By Tim Winterstein –
“And you may find yourself/Living in a shotgun shack
And you may find yourself/In another part of the world
And you may find yourself/Behind the wheel of a large automobile
And you may find yourself in a beautiful house/With a beautiful wife
And you may ask yourself, well/How did I get here?”
So goes the Talking Heads’ “Once in a Lifetime.” The song could be heard as a criticism of acquiring these things and experiences. But not according to David Byrne, who sang it: “’We’re largely unconscious,’ Byrne says. ‘You know, we operate half awake or on autopilot and end up, whatever, with a house and family and job and everything else, and we haven’t really stopped to ask ourselves, “How did I get here?”’”
Those conflicting interpretations make it a perfect theme song for After the Storm (Umi yori mo mada fukaku – which, because I don’t know Japanese, Google translate [and IMDB] says is “Still deeper than the sea,” a lyric in a song that appears in the film; streaming on Amazon Prime).
We are conditioned by the fact that we tell stories to think of our lives as stories. There is something natural and innate to human storytelling. But the things that happen in movies in particular usually bear little resemblance to what we might think of as a common, ordinary life. I doubt anyone would be interested in a film made of my life, for example. Hirokazu Kore-eda’s brilliance (I’m looking forward to his newest film, Shoplifters) is to take these ordinary lives and give them a sort of tragic poetry which is, at the same time, quietly hopeful. The writing and the acting are so seamless that I really did feel as if I was spying and eavesdropping on a family’s private interactions.
The film forces us to ask, especially in the malaise of middle-age, “What is a life, actually?” Because first we look forward to things and reach for them, and then we find ourselves thinking back and trying to regain things we once had, which is emphasized by the conversation between Ryôta and his mother late in the movie. More than once, a character says, “Things should not have turned out this way.” How did they get to where they are? None of them would have considered the current situation to be ideal. After Ryôta asks Shingo, his son, what he wants to be when he grows up, Shingo asks his dad if he is now what he wanted to be. No, he says, but life is in always trying to become what you want to be. Whether Ryôta believes that himself or not is another question.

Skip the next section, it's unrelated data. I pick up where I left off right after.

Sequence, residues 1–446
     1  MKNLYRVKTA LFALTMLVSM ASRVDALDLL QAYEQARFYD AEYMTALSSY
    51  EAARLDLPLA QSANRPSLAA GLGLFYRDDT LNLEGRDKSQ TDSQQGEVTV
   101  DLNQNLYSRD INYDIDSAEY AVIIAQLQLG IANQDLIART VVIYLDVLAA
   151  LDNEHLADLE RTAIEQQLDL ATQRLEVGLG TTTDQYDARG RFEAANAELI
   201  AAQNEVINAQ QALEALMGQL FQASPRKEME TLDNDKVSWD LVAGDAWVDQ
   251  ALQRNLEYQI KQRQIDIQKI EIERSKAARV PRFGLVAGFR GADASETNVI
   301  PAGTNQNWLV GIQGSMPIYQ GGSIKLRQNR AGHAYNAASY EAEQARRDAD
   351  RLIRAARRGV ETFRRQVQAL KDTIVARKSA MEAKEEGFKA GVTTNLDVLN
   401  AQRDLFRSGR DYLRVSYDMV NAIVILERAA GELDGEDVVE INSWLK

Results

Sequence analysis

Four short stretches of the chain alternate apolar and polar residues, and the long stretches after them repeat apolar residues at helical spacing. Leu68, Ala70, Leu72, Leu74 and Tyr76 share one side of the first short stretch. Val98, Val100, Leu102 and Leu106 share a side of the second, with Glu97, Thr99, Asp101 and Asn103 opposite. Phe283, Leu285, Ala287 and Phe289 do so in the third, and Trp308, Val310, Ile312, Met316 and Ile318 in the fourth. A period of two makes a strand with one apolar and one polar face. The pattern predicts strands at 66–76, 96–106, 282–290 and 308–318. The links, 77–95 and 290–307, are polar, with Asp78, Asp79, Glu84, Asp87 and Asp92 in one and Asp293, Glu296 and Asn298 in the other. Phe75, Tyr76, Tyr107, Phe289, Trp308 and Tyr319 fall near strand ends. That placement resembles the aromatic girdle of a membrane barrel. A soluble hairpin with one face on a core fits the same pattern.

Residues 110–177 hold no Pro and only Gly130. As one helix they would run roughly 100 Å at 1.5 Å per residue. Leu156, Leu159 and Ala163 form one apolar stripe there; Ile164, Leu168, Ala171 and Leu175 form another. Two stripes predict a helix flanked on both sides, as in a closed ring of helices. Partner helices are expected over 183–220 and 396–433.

It is a story about unexpected, even unwanted, outcomes, but it is also a story about choices and how far those choices go in making us who we are. We make choices ourselves, but why do those choices so often bear a striking resemblance to the choices of our parents? In After the Storm, handwriting, buying lottery tickets, and wasting money all become indicators of who we are, whether we like it or not. Ryôta finds himself defending his choices and actions because they are who he is. He has moments of self-reflection but can’t seem to change the trajectory of his life.
The English title is a little misleading at first, because the actual storm doesn’t arrive until over an hour into the film. And yet it gives the viewer a metaphor: the storm comes, whether you want it to or not. Sometimes it destroys things and you’re left to pick up the pieces—not as you’d like them to be but as they are. You find some of the things and some of them you lose, like soaked lottery tickets blowing around in a typhoon. You can chase them all you want, but the storm will keep at least some of them. You can keep asking, “How did I get here?” or you can do your best with what’s left to you.